Is Your Nurse Certified?

Eligibility requirements for recertification and the rationales for those requirements are publicly available.
At the time that the CPSN, and later the CANS, were created, the PSNCB Board met and considered what would be required for test candidates, and used the ABSNC requirements as a basis for developing the application. They also looked within the specialty, to determine the specific rationale of what should be required for a candidate to sit for their initial examination, as well as what should be required for a candidate to recertify.

For training and number of hours required, the Board looked at the type of activities which a nurse would be required to perform in order to become proficient, considering the number of hours of activity per year. The criteria which were set was determined to be necessary to achieve the level of competency in order to sit for a certification examination. The practice analysis also was used in making determinations of criteria.

Rationale: This requirement assures that the applicant meets current legal requirements for full unencumbered practice as a registered nurse (RN) in the jurisdiction of practice.

Rationale: To maintain competence and prevent professional obsolescence, the PSNCB Board requires that both CPSN and CANS candidates for recertification participate in continuing education to refresh existing knowledge and skills and to acquire knowledge and proficiency pertaining to new advances in plastic surgical/aesthetic nursing. Lifelong learning, a critical component of nursing practice, enables professionals to be up to date on new health care developments and emerging knowledge in their specific area of practice. (Hirst, S., LeNavenec, C.L., & Stares, R. (2017). Lifelong learning, certification, and registered nursing practice: Their interrelationship. Papers on Postsecondary Learning and Teaching: Proceedings of the University of Calgary Conference on Learning and Teaching, V 2, pages 10-15.)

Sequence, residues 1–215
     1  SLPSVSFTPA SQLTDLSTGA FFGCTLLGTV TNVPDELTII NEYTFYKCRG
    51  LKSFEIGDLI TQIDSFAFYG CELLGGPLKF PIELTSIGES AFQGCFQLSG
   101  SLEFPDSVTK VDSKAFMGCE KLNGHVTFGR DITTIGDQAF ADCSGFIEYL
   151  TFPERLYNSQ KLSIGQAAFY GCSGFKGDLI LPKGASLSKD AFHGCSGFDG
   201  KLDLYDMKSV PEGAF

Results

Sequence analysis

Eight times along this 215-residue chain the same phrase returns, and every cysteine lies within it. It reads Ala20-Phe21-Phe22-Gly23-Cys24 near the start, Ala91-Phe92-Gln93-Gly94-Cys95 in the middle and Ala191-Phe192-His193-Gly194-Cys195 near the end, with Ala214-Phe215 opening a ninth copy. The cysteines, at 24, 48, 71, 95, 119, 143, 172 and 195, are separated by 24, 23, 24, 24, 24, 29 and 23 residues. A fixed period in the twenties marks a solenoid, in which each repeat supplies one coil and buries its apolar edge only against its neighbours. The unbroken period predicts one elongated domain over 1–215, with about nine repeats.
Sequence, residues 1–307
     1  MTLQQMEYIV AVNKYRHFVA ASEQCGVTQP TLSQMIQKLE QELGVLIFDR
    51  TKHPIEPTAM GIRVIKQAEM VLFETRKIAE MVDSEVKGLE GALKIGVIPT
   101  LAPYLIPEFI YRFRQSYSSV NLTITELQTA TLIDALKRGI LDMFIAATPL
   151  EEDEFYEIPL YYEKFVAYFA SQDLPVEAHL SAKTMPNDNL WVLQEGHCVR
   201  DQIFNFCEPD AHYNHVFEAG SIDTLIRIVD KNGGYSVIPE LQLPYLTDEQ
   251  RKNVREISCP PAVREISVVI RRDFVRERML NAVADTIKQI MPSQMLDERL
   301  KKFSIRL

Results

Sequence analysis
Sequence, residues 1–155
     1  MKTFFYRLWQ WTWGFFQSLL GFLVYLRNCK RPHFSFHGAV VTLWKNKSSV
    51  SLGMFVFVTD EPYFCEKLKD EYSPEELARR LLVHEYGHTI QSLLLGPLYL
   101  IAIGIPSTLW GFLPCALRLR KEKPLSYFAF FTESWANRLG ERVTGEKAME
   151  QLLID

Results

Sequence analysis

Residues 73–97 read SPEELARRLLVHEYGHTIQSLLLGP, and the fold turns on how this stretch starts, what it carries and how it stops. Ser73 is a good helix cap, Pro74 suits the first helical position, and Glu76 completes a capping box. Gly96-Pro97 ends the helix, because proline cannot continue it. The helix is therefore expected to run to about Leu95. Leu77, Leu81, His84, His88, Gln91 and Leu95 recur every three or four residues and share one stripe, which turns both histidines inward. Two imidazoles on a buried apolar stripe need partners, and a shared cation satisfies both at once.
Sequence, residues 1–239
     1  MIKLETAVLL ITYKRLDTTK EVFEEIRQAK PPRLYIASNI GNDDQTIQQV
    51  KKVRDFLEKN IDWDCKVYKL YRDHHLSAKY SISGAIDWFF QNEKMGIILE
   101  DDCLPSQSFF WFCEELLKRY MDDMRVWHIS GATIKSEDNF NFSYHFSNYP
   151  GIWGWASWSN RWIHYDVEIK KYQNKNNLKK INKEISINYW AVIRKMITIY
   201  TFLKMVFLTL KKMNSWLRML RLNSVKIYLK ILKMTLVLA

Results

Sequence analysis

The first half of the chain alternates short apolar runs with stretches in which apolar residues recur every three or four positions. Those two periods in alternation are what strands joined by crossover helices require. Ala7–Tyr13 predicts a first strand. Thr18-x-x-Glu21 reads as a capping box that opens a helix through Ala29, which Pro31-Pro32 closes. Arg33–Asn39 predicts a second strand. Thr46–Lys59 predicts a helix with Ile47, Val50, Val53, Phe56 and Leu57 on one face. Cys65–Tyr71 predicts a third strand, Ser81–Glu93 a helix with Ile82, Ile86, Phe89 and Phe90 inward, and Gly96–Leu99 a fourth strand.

The requirement of a minimum of two contact hours focused on patient safety reflects the understanding that one purpose of certification, like licensure, is to protect the public. This is accomplished by identifying persons who have mastered the essential knowledge and skills required for a particular practice and by excluding persons who have not achieved the required knowledge and skills. It is also accomplished by learning new knowledge directly related to patient safety. (AERA, APA, & NCME. 2014. Standards for Educational and Psychological Testing, page 175).

Rationale: The 1,500 hours of practice required over 3 years represents a minimum of about 500 hours per year of practice. Requiring validation of ongoing clinical practice helps to assure that the certificant has the required psychomotor skills, as well as clinical judgement in the assessment of patients and performance of essential activities. The validation of practice hours helps to ensure continuing competency since healthcare organizations/workplaces play a large role in assuring the competence of its workers. While continuing competency is a responsibility shared by many others, including the nurses themselves, healthcare organizations/workplaces have responsibility for measuring, documenting, and supporting competency, and for addressing any deficiencies in staff members’ competency. (Hospice and Palliative Credentialing Center (HPCC). (2011). Statement on Continuing Competence for Nursing: A Call to Action, page 4)